commercial sources, this one makes its own, one of several small steps that promise savings. Another huge cost savings, patient bills are
simplified, with a fixed bundled price that is disclosed when a patient is first seen. In the hallway, Dr. Chattuparambil, who is
also chief of cardiovascular surgery, ran into a patient’s grateful family. LEONIE EBANKS, Spouse: And all the arteries
that were clogged, they’re all cleared? DR. BINOY CHATTUPARAMBIL: All clear. FRED DE SAM LAZARO: Leonie Ebanks’ husband,
Eddie, had suffered a heart attack. His surgery included a double bypass, a tube
grafted to replace a rupturing aorta and repairing two leaking heart valves. DR. BINOY CHATTUPARAMBIL: Quite a complex operation. FRED DE SAM LAZARO: How many hours did it
take you to do that? DR. BINOY CHATTUPARAMBIL: It took almost eight
hours. FRED DE SAM LAZARO: And in the U.S. would
easily cost a half-a-million dollars, he says. Here, the final bill was $110,000. Where would you normally have gone for that
kind of surgery? EDDIE EBANKS, Patient: Miami. FRED DE SAM LAZARO: Miami might have been
a tough ride. EDDIE EBANKS: Yes, could have been. Thank God. FRED DE SAM LAZARO: But with 104 beds, it’s
clear the Health City project had plans to reach well beyond local patients. Grand Cayman is just a 90-minute flight away
from the United States, a tropical paradise whose economy depends heavily on tourism. And that’s a big reason why the government
here gave the Indian hospital chain tax breaks and other incentives to locate a facility
here. American tourists would come now not just
for the beach, but for their health care. So far, that hasn’t happened. RAVI RAMAMURTI, Northeastern University: American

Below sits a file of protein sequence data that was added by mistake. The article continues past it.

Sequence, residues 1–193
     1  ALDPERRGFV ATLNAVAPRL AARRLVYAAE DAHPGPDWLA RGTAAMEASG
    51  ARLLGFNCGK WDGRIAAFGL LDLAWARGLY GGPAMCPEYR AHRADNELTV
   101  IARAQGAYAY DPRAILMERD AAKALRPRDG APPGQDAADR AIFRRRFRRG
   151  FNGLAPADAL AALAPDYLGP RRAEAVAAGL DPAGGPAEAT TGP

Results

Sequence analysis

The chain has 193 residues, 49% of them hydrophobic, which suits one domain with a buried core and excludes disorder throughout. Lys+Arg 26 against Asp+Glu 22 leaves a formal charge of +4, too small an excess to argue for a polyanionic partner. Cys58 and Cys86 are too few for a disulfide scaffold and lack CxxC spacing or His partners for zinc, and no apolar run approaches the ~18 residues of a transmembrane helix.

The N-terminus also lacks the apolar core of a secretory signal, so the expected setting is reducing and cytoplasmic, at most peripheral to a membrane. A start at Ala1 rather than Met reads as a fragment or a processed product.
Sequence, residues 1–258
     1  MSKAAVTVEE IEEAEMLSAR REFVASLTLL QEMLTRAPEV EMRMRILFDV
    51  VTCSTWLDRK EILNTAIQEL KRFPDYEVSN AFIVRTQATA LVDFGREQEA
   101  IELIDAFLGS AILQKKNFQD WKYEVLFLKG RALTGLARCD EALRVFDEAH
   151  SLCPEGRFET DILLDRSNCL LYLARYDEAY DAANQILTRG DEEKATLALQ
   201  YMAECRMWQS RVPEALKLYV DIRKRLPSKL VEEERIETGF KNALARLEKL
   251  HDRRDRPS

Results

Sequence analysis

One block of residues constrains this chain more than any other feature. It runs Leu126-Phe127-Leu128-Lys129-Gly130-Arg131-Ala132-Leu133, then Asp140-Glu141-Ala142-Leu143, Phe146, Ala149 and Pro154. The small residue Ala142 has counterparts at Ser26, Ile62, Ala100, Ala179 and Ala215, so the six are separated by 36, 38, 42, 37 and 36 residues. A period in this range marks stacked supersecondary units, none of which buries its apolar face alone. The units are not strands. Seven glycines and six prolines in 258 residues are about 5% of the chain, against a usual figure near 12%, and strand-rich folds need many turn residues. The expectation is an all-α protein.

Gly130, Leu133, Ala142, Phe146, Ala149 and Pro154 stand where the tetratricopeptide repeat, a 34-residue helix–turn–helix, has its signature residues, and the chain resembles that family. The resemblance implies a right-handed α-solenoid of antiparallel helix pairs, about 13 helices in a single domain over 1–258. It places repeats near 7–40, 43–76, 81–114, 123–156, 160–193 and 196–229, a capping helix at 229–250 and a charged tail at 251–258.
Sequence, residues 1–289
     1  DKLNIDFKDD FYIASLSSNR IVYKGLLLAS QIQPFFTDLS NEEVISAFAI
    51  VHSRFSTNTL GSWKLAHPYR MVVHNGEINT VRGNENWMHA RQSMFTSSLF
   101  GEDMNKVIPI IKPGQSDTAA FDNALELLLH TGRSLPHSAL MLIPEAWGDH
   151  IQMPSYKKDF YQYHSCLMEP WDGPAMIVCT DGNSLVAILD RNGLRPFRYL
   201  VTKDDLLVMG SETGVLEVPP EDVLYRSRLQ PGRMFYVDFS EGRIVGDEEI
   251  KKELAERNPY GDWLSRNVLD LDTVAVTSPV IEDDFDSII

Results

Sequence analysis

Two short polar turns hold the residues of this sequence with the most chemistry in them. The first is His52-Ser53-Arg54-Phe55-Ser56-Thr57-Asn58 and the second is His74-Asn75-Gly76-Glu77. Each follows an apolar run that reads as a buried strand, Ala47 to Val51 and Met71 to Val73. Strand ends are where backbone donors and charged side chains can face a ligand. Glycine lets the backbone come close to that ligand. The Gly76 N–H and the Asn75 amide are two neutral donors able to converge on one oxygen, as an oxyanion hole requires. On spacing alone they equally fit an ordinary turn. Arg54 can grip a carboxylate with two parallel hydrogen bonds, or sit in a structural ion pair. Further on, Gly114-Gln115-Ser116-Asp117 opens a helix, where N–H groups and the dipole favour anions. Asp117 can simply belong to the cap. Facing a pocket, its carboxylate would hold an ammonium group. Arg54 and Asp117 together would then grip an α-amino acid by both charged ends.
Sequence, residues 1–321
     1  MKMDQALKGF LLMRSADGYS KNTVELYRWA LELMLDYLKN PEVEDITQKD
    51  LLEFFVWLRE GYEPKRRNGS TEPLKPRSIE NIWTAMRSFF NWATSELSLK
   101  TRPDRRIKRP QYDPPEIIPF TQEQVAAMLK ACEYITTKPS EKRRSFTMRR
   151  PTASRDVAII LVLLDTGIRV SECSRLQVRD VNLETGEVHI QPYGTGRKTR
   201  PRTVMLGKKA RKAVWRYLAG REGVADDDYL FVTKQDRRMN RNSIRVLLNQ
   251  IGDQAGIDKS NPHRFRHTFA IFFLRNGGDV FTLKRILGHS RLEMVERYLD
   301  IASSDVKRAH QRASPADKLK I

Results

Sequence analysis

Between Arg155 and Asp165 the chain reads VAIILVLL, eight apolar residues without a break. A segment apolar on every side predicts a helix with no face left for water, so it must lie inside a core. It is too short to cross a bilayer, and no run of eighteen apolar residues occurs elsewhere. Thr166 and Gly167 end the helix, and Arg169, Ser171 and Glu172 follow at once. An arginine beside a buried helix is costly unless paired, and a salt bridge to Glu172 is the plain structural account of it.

patients still assume that health care provided outside the U.S. is not as good at that you
can get in the U.S. FRED DE SAM LAZARO: Northeastern University
business Professor Ravi Ramamurti recently co-authored a book called “Reverse Innovation
in Health Care” that studied the Cayman hospital. American tourists are everywhere, he says,
just not the ones the hospital was looking for, older Americans who need cardiac surgery
or knee or hip replacement, for instance. RAVI RAMAMURTI: A lot of people in that generation
who need this kind of care probably don’t even have a passport. So the idea of going to a strange place to
get an important medical procedure is something I think people want to avoid, if they can
avoid it at all. FRED DE SAM LAZARO: For his part, Dr. Shetty
says, even at its current 40 percent occupancy, the hospital has staying power, treating Caribbean,
Central American, and even a few Canadian patients. MAN: You’re doing extremely well. FRED DE SAM LAZARO: You’re profitable now
here? DR. DEVI PRASAD SHETTY: We have been profitable
for quite some time, yes. (LAUGHTER) FRED DE SAM LAZARO: Eventually, he says, Americans
will come. He predicts their insurers will begin to offer
an offshore alternative with free travel and no co-pays. Professor Ramamurti doesn’t see a competitive
threat, but says American providers could benefit from studying the Indian-Caribbean
upstart. RAVI RAMAMURTI: We need to shake up the health
care industry in the U.S. I don’t think it’s going to happen by the arrival of an Amazon
or an Uber that single-handedly turns an industry upside down. You need a lot of people you need a lot of
people disrupting in little ways that add up to big change over a period of time. FRED DE SAM LAZARO: Change that he says is
urgently needed to slow cost increases in an industry that now accounts for 18 percent
of the U.S. gross national product. For the “PBS NewsHour,” this is Fred de Sam
Lazaro in Grand Cayman. JUDY WOODRUFF: Fred’s reporting I in partnership
with the Under-Told Stories Project at University of St. Thomas in Minnesota.